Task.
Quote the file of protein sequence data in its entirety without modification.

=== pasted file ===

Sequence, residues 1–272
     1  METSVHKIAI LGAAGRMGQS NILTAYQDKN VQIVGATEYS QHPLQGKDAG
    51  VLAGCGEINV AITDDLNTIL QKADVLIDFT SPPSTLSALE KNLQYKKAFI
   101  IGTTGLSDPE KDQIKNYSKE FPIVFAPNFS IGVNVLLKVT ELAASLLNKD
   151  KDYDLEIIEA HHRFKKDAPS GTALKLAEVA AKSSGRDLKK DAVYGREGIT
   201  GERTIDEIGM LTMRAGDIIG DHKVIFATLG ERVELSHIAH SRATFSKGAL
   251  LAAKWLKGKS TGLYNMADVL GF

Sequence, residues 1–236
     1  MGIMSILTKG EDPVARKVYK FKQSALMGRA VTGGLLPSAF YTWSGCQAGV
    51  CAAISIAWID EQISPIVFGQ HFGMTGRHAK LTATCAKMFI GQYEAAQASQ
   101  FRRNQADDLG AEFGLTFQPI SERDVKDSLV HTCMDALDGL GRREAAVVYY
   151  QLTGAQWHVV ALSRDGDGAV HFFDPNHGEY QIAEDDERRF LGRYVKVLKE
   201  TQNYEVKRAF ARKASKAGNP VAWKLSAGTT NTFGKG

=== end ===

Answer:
Sequence, residues 1–272
     1  METSVHKIAI LGAAGRMGQS NILTAYQDKN VQIVGATEYS QHPLQGKDAG
    51  VLAGCGEINV AITDDLNTIL QKADVLIDFT SPPSTLSALE KNLQYKKAFI
   101  IGTTGLSDPE KDQIKNYSKE FPIVFAPNFS IGVNVLLKVT ELAASLLNKD
   151  KDYDLEIIEA HHRFKKDAPS GTALKLAEVA AKSSGRDLKK DAVYGREGIT
   201  GERTIDEIGM LTMRAGDIIG DHKVIFATLG ERVELSHIAH SRATFSKGAL
   251  LAAKWLKGKS TGLYNMADVL GF

Sequence, residues 1–236
     1  MGIMSILTKG EDPVARKVYK FKQSALMGRA VTGGLLPSAF YTWSGCQAGV
    51  CAAISIAWID EQISPIVFGQ HFGMTGRHAK LTATCAKMFI GQYEAAQASQ
   101  FRRNQADDLG AEFGLTFQPI SERDVKDSLV HTCMDALDGL GRREAAVVYY
   151  QLTGAQWHVV ALSRDGDGAV HFFDPNHGEY QIAEDDERRF LGRYVKVLKE
   201  TQNYEVKRAF ARKASKAGNP VAWKLSAGTT NTFGKG